By Lee Hester, owner of Lee's Comics of California.

Thursday, April 28, 2011


Here's something that tickled my fancy, via the CGC discussion boards.

In case you didn't get the reference, it's a mash-up of the following two images:

Two figures that rocked, the house, merged into one. Mash-up courtesy of Photoshop rockstar Flee Marquete

Tuesday, April 05, 2011


Here’s a Wonder Con report from a dealer’s perspective.

After a 2 year lay-off, I decided to get back into selling at big conventions. I figure that the times require a little bit of extra work. And let me tell you, setting up and selling at a large convention is major work.

Usually I take 2 booths, but as a cost cutting measure, I cut it down to 1 booth this year. It was going to be a real challenge to fit all the stuff I wanted to bring into one booth. I tried to sketch out a good layout on graph paper, but I just could not fit all the elements. I had all the stock and fixtures in my van, so I marked off a 10 x 10 foot area in masking tape on my garage floor. It was easy since there are tiles on the floor. Then I spent a few hours setting things up, and moving them around into different configurations. Finally, I came up with a workable layout for the convention.

This exercise helped me tremendously. When you are moving your stock and fixtures into a convention floor you are always in a big hurry, so it was a great help to know right away where to put everything.

We brought Pure Hero Shirts, a bunch of back issues that we were selling for a bargain $2 each, some graphic novels that we were selling for $5 each, our Duck and Cover stickers and buttons, Toon Tumblers, Golden and Silver age back issue bin comics, which we were offering for 50% off, and our over $20 Wall Books.

Everything sold well in all departments. There was a great crowd, and it was nice to see that there was a big emphasis on comic books. People were hungry for comics. They were buying up the $2 bargain books. They especially liked anything by Jack Kirby. The wall comics sold well too. The high-grade books sold first. Also, nice copies of Thor and Captain America were especially popular.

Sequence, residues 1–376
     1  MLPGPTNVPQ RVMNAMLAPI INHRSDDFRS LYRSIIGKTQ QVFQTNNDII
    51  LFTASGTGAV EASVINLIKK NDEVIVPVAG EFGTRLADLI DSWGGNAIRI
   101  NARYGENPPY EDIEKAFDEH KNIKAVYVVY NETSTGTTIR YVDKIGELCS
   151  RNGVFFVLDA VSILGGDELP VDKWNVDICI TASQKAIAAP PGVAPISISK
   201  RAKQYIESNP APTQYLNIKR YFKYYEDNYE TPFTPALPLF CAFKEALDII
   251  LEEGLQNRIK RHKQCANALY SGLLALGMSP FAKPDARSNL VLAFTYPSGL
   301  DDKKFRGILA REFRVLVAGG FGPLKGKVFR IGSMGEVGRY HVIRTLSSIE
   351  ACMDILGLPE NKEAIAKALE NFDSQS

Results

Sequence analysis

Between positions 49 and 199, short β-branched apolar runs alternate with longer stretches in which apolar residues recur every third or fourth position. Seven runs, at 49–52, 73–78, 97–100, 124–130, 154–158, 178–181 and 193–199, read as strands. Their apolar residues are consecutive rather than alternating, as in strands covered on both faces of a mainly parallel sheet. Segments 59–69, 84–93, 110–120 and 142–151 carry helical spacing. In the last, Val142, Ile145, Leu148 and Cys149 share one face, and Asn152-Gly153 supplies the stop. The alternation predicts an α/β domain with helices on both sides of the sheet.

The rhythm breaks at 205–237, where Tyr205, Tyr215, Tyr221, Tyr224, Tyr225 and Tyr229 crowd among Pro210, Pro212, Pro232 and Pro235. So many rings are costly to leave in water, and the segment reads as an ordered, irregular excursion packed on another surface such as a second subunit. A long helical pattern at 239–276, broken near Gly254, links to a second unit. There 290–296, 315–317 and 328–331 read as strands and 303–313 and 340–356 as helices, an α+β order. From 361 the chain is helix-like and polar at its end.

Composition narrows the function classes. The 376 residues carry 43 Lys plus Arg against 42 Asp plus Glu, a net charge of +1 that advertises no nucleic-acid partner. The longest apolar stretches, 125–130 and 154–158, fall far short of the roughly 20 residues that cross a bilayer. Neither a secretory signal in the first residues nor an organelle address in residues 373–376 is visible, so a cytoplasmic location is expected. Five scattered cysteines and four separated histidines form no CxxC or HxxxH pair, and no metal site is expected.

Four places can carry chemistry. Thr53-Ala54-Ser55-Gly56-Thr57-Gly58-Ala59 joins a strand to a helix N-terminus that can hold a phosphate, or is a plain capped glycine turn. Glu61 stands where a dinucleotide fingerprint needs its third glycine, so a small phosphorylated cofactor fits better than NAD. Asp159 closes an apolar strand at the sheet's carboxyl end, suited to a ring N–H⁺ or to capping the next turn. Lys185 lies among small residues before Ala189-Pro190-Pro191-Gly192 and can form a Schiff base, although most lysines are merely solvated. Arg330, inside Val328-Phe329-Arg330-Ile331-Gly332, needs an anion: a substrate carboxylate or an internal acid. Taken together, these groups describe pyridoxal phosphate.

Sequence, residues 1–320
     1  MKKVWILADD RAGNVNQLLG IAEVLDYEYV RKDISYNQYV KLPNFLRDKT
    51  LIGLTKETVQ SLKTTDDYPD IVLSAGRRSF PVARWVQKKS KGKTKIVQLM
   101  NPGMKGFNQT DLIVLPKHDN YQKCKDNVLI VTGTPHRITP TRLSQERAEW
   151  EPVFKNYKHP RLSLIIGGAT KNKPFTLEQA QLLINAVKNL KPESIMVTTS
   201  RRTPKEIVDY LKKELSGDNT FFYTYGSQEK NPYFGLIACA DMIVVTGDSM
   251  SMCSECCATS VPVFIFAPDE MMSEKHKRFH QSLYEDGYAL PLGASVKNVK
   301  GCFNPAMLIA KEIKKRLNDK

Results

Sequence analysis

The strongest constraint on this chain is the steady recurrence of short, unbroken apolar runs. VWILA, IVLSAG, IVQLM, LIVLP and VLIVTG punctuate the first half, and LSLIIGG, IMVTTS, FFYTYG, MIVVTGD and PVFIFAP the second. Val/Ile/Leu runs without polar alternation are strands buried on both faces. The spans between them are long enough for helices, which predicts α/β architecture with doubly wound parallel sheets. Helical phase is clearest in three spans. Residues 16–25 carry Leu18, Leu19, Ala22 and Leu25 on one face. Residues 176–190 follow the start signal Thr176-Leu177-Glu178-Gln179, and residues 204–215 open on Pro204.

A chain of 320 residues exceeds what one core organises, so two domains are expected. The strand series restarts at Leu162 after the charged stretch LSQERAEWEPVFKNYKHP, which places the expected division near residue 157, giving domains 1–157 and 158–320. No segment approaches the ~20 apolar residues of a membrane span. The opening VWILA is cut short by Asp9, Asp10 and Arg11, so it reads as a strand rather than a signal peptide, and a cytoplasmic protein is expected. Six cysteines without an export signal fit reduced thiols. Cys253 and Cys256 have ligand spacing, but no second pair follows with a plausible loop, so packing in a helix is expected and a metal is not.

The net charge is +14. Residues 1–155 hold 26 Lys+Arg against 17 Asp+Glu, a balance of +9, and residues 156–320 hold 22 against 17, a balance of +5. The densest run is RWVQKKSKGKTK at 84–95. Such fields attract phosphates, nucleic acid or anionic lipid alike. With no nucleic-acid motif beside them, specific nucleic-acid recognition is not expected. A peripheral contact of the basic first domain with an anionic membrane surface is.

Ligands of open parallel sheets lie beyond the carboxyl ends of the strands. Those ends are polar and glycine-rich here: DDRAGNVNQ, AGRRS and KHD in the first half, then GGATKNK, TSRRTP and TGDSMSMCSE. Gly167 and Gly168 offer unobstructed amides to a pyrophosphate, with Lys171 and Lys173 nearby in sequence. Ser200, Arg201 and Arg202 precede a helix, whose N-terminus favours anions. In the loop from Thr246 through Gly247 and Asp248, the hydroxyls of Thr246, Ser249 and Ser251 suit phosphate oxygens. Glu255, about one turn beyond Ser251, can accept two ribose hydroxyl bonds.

One thing that was really nice was that a whole lot of people from my past stopped by to see me. This included several former staff members, including Rob Rheaume and Rita Pease. I also saw numerous store customers each day who stopped by to let me know how much they liked the stores. It was extremely encouraging to hear the praise.

I was able to buy some nice comics. I got some good golden age books from Brett of Brett’s Comic Book Pile. I got another small collection of Marvel silver age including several first issues like Silver Surfer #1 and Sub-Mariner #1.

Rich Koslowski is an artist and inker at Archie Comics, and he had some nice art for very reasonable prices. I’m talking about $10 a page. I picked up 3 complete stories penciled by Stan Goldberg, a legendary Marvel and Archie artist since the 1940s who recently retired. I figure I’ll salt these away for around 20 years and see what they’re worth.

The most exciting comic book deal was on low-grade copies of Amazing Fantasy #15 (The first appearance of Spider-Man) and Spider-Man #1. These were from a customer who bought them from me, but is now selling them to raise money for his son’s college tuition.

Speaking of Spider-Man, I congratulated my friend Phil Shafer of Comic Collector Shop for scoring the retailing coup of the decade. He’s going to have Smiling’ Stan Lee in person at his Sunnyvale store on Saturday. It’s going to be a smash, to be sure. Phil was kind enough to extend an invite to me, so I might just make an appearance.

I talked to Image partner Erik Larsen. He is going to be partners in opening a comic book shop in Berkeley in the former location of Comic Relief. It will be called Fantastic Comics. Uel Carter, who worked for Comic Relief will be another partner who, it seems, will be in charge of the day-to day operations.

Larsen was clearly very excited about opening up his own comic book store. He was just beaming. With the kind of resources and energy he has, and talented friends to do in store events, it would seem to be a sure-fire hit. A Crusher.

It’s hard work doing a show like this, and 2 days later, I’m still tired and bleary eyed. I guess it would help if I took a day off to rest. I’m very glad I went, and I look forward to next year, where I’ll get 2 booths so I can fit everything in ever better.

Now for a few photos:

Mark Arnold and I show off the Amazing Fantasy #15 and the Amazing Spider-man #1. Behind us, you can see more vintage comics. Comics were King at the WonderCon.

With former staff member and former jet-setting playboy Rob Rheume along with staff members Tiao and Ryan.

Rob Rheume along with former staffer Rita Pease and friend.

My son, Lee helped all 3 days, and on set-up, and the family joined us for a visit on Sunday.

Artist Rafael Navarro shows off his nifty new sketchbook.

There were plenty of people dressed in nifty costumes including this great one of Silk Spectre from Watchmen.

Greg Horn is an avid comic collector. Here he is seen enjoying his vintage Marvel comic that he purchased from me.

With the great one, Sergio Aragones.

My son took all pictures, and did a fine job.

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Imagine a World with no comic books. Not worth living.

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